Record job cuts - will employers pay the price?

The news keeps getting worse, as last week it was announced by the Labor Department that the unemployment rate surged to 6.7% percent in November, a 15-year high. The number of jobs lost - 533,000 - was the largest in 34 years. Those numbers would look worse had the 422,000 people who left the workforce entirely been counted. Economists believe many of those people gave up looking for jobs out of frustration.

It's evident that companies are trying to save for the future by cutting costs now, but there could be other long term effects that these organizations are not taking into account, such as:
  • Deterioration of corporate culture - massive layoffs may seem like a price saving option, but the effect on morale and culture, among other things, needs to be managed carefully.
  • Inability to ramp up when the economy recovers - while we may hope that most organizations are keeping the future in mind, failure to forecast and assess when the economy will recover may result in companies scrambling to hire people back. This could be more financially damaging than riding out the wave with more moderate cutbacks.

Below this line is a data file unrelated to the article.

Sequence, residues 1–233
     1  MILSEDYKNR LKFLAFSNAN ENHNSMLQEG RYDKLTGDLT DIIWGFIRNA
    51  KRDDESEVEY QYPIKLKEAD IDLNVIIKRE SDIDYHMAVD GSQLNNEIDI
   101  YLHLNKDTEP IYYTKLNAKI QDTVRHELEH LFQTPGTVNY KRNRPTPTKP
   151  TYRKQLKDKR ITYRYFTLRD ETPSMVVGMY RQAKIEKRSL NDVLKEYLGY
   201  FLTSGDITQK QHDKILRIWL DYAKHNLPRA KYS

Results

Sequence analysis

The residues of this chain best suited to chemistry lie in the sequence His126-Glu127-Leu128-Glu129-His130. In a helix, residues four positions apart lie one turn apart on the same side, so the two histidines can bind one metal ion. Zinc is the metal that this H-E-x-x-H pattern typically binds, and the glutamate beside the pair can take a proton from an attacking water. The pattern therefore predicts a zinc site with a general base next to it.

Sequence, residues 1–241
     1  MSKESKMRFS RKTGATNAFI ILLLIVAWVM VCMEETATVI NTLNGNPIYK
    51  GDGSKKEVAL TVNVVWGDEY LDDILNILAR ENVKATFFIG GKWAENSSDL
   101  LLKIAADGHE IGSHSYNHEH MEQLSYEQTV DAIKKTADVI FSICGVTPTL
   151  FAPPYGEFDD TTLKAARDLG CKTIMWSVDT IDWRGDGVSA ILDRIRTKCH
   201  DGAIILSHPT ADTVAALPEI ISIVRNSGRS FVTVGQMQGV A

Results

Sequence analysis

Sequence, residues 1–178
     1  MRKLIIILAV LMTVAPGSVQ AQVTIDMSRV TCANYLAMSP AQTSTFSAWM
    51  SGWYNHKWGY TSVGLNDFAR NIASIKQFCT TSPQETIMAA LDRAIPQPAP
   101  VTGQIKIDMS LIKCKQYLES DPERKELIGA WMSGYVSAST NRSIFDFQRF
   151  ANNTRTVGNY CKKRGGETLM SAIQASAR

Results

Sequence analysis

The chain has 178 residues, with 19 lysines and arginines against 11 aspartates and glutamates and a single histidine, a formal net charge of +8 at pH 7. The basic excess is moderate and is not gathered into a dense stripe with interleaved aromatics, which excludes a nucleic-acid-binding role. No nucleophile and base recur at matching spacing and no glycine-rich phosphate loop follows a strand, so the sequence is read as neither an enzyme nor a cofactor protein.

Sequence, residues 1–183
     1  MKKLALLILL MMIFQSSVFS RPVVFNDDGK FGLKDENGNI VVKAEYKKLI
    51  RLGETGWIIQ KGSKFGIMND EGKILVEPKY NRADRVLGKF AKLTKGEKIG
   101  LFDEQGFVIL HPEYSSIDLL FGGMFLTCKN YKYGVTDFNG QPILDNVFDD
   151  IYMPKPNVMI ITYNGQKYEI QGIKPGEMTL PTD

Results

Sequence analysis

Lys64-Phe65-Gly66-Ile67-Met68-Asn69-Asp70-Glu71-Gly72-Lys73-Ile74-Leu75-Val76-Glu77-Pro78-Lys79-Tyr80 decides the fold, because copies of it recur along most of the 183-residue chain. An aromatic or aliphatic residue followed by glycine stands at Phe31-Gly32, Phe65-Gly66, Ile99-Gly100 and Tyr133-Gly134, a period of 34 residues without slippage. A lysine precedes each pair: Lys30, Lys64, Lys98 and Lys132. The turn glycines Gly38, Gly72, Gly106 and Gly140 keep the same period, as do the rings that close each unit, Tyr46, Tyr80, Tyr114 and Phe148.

• Productivity losses - layoffs can lead to improved productivity, assuming that companies properly selected weak performers and less essential positions; however, expanding the workload of remaining employees too much can lead to burnout, decreased engagement and poor morale.
It's not easy to avoid layoffs a down economy, and many times it's important and essential to downscale operations. Nevertheless, some organizations appear to be reacting to the actions of other firms out of fear of what's to come, rather than mapping out a course of action to take short term losses for the benefit of long term gains.
Erik Samdahl
Erik is the head of marketing at i4cp, and has nearly 20 years in the market research and human capital research industry.